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From latitudes outside the tropics, you don't often see zodiacal light after dusk unless it's late winter or early spring. In the Northern Hemisphere, folks at temperate latitudes can view the zodiacal light in the west after dusk in February, March and April, as long as the Moon is out of the early evening sky.
Starting a day or two after the February 18, 2011 Full Moon, you'll have a fine two-week window for catching the zodical light. The best time to look is about 90 to 120 minutes after sunset. In the Southern Hemisphere, you can watch for the zodiacal light during this same two-week period, except that it'll appear in the east before dawn.
What Does Zodiacal Light Look Like?
Zodiacal light appears as a large pyramid of softly-glowing, whitish light, with its base sitting on or near the horizon. Its axis aligns with the ecliptic - Earth's orbital plane projected onto the dome of sky. It is called zodiacal light because it upwardly follows the zodiac - that rather narrow band of stars that goes full circle around the sky. It's about 16o wide, running astride the ecliptic, and it's where you find the sun, moon and planets. You may see this cone-shaped pillar of light climbing halfway up the sky.
Use Jupiter To Locate Evening Zodiacal Light in 2011
Don't know where the constellations of the zodiac cross the sky? No problem. The dazzling planet Jupiter, the most brilliant celestial object to bedeck the moon-free evening sky, serves as your faithful guide "star." It's the first star-like object to pop out at dusk, beaming like a beacon in your western sky. You can't miss seeing this dazzling world at dusk and early evening. (Zodiacal light photo on the right courtesy of Wikimedia Commons)
Because Jupiter shines very close to the ecliptic, the center line of the great zodiacal roadway, watch for the zodiacal light to pass through Jupiter some 90 to 120 minutes after sunset. (Actually, the zodiacal light shines in front of Jupiter, but we'll talk about that later.) Find an unobstructed view of the western sky, away from pesky artificial lights, to witness this otherworldly light adorning the heavens after evening dusk. (Sky chart on left courtesy of Your Sky)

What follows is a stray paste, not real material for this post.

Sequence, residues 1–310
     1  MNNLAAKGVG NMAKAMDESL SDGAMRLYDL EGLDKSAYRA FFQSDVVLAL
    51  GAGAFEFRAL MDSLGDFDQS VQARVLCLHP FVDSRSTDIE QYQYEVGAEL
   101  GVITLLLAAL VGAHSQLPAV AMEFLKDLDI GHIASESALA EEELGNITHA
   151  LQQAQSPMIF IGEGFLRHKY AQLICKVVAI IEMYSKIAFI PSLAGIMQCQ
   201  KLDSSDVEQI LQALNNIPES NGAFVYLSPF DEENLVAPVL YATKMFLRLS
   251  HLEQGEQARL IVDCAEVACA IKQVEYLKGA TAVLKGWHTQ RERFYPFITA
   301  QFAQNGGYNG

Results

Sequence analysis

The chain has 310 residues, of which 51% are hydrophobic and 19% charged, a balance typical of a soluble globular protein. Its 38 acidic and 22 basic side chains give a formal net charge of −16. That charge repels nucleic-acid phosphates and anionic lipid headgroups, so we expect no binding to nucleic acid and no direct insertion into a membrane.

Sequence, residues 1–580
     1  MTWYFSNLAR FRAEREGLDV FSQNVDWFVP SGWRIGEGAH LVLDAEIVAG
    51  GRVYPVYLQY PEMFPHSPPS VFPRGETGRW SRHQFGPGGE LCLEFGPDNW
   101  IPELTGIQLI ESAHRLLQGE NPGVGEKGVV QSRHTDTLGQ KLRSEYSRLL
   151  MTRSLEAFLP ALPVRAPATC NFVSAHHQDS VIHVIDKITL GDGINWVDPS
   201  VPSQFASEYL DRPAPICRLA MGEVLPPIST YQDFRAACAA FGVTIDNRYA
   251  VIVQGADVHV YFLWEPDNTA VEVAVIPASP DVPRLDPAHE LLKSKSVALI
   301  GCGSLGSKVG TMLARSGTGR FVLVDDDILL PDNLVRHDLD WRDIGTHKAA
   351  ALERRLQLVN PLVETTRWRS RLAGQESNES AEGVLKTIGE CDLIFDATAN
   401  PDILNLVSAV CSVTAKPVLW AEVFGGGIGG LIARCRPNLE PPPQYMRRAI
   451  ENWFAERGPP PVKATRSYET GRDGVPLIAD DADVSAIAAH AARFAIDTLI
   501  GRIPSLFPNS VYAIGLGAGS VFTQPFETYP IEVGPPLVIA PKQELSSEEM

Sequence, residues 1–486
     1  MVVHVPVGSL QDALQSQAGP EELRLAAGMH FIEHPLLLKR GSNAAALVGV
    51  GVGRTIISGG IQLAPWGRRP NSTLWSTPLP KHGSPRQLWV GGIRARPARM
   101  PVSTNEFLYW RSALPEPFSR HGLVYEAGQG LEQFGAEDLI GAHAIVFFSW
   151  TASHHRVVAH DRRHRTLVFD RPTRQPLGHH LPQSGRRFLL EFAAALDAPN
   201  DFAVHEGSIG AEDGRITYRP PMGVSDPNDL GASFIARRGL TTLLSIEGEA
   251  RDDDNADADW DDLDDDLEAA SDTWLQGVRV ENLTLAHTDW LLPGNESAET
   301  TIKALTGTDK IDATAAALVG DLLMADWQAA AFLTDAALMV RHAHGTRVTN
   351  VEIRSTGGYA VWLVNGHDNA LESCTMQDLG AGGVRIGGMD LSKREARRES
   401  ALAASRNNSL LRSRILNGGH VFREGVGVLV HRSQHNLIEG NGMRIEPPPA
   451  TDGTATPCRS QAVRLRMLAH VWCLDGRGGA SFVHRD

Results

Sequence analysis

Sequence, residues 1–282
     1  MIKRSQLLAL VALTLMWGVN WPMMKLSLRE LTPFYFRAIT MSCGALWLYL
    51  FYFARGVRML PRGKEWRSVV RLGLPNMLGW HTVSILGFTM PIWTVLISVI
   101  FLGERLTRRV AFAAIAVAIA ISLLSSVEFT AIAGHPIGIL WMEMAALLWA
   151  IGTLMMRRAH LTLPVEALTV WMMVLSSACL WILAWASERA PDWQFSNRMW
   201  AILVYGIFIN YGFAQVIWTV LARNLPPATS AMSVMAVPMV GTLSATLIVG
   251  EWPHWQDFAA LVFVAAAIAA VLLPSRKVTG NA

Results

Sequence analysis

Zodiacal Light: Literally Out Of This World!
Zodiacal light is interplanetary dust reflecting the light of the Sun. A great big disk or cloud of dust fills the inner solar system, and these particles of dust orbit the Sun on or near the same plane that the planets orbit the Sun. That's why the zodiacal light shines along the ecliptic and zodiac. Jupiter, the 5th planet outward from the Sun, resides in the outer solar system, so it's way out there, beyond the sunlit dust particles orbiting the Sun inside of Jupiter's orbit.
Why In Late Winter & Early Spring?
To see the zodiacal light in the evening sky, the ecliptic has to reach its maximum inclination over your horizon in the vicinity of sunset. In the Northern Hemisphere, the ecliptic reaches it maximum inclination whenever the summer solstice point lodges due south in the sky. The summer solstice point, though due south at midday or high noon on the summer solstice, stands due south at sunset on the March equinox.
copyright 2011 by Bruce McClure
January 2011 Feature * March 2011 Feature